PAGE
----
The efficiency of the commercial banks in six Pacific Island countries : a dissertation in partial fulfilment of the requirements for the degree of Doctor in Philosophy, Banking Studies, School of Economics and Finance, Massey University, Palmerston North, New Zealand

Thumbnail Image
Open Access Location
Journal Title
Journal ISSN
Volume Title
Massey University
The Author
This thesis explores the efficiency of the commercial banks in six Pacific Island Countries (PICs): Fiji, Papua New Guinea, Samoa, Solomon Islands, Tonga, and Vanuatu over the period 2000 to 2006 using Data Envelopment Analysis (DEA). The use of DEA is justified primarily due to the small number of commercial banks operating in these small countries. This is the first detailed study of the relative efficiency and performance of banking firms in this selected group of small countries. The dominant feature of this research is to investigate the primary prudential tools commonly used by banking supervisors in regulating the local banking system. In our understanding, this is the first effort to investigate the link between individual prudential tools and bank efficiency. The small number of banks in this dataset further enables a structural investigation of the relative efficiency across commercial banks nationally and across countries, employs a series of explanatory variables to explain the possible sources of efficiency variation, and provides a series of practical measures to validate resulting efficiency scores from DEA. This comprehensive structural construct is also a new development in bank efficiency studies. The key research finding is the identification of liquidity requirements as the main source of bank inefficiency. Capital requirements are not only ineffective in promoting bank efficiency but in the absence of formal liquidity requirements, they become a contributing factor for causing asset deterioration. Hence, asset quality is inversely related to bank efficiency. Scale inefficiency is unusually large compared with reported scale inefficiency in the literature and in most countries, it dominates technical inefficiency. Finally, efficiency-based ratios should continue to supplement resulting efficiency scores, at least in the current measurement and development of bank efficiency in the context of smaller developing economies.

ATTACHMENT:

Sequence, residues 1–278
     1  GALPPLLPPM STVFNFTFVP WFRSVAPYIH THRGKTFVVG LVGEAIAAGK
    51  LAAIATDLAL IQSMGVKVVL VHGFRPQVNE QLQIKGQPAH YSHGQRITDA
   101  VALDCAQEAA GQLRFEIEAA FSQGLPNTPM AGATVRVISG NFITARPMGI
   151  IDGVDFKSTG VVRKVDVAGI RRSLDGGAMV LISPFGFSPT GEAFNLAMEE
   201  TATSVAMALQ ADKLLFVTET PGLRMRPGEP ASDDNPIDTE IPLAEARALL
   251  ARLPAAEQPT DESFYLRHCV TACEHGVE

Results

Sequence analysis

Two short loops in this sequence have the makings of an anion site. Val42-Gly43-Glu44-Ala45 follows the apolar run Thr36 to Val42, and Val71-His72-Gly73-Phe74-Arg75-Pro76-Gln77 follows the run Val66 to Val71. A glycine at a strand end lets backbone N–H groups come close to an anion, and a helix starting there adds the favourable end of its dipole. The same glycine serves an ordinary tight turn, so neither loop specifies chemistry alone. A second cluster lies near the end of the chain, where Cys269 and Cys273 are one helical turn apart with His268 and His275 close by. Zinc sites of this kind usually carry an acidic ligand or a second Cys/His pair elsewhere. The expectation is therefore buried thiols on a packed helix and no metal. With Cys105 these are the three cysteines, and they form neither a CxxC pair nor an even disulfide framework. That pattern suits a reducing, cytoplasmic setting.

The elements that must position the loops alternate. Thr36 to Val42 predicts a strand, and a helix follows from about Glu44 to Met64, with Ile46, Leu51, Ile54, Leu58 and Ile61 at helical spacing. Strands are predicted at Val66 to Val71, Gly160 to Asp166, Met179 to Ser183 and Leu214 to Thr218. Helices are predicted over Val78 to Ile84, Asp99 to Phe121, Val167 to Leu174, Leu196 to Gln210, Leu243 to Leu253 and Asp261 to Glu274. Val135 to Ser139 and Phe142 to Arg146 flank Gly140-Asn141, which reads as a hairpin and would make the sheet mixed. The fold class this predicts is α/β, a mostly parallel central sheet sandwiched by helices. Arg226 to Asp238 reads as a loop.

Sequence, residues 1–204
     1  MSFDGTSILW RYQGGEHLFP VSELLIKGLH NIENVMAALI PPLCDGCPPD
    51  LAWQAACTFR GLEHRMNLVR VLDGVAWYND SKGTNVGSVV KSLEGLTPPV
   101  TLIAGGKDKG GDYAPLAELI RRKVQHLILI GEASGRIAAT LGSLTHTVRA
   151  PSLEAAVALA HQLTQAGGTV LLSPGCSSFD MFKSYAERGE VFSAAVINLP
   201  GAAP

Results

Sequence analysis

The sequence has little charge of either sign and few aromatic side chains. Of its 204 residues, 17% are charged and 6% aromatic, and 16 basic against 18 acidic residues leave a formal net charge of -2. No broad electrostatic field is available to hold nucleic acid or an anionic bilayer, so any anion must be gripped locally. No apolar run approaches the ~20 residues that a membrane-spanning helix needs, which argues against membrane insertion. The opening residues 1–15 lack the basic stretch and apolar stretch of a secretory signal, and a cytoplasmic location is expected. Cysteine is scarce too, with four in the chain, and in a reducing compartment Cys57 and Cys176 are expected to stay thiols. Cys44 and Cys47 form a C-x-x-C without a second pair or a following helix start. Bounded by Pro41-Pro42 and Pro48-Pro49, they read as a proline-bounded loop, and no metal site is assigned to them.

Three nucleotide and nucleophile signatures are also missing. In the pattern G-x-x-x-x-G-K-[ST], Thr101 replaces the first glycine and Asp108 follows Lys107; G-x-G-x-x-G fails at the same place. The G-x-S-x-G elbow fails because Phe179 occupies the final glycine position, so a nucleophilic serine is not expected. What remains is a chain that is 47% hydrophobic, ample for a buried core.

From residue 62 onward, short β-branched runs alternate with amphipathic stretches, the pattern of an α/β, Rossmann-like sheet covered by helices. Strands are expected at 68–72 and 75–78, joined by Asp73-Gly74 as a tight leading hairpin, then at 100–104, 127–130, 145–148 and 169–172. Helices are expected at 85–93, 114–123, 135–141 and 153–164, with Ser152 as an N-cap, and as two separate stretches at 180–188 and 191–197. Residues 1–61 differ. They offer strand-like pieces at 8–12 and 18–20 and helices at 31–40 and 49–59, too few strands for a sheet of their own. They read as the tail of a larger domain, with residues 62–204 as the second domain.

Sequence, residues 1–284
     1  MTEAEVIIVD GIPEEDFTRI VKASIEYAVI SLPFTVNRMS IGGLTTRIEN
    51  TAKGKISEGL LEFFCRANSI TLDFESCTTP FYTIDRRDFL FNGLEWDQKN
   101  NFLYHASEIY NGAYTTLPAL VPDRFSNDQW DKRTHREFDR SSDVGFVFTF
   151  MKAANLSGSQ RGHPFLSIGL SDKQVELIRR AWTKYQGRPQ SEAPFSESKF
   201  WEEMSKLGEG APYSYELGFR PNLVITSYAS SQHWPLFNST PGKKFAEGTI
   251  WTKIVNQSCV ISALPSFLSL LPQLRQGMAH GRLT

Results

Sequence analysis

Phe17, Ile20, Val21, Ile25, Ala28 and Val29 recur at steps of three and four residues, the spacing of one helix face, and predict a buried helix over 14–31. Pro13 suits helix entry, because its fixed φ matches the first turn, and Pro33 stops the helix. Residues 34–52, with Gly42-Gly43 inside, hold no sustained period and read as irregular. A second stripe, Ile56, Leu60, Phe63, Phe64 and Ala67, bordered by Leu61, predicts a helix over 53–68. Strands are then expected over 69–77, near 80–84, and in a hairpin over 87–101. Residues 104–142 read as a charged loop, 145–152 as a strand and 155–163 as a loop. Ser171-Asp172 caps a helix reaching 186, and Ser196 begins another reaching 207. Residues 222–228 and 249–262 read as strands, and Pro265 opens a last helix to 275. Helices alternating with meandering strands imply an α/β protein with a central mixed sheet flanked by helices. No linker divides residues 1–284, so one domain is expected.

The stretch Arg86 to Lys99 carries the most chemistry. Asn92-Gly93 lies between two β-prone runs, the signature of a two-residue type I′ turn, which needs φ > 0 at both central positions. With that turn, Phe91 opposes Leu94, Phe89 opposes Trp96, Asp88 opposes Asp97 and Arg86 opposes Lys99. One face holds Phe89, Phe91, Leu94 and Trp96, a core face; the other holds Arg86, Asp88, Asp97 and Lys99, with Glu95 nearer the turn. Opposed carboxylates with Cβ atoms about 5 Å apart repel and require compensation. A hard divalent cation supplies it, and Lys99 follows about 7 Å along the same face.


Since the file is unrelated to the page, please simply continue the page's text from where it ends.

Banks, Commercial banks, Pacific Islands, Tonga, Samoa, Papua New Guinea, Solomon Islands, Vanuatu, Fiji, Data Envelopment Analysis (DEA), Efficiency, Banking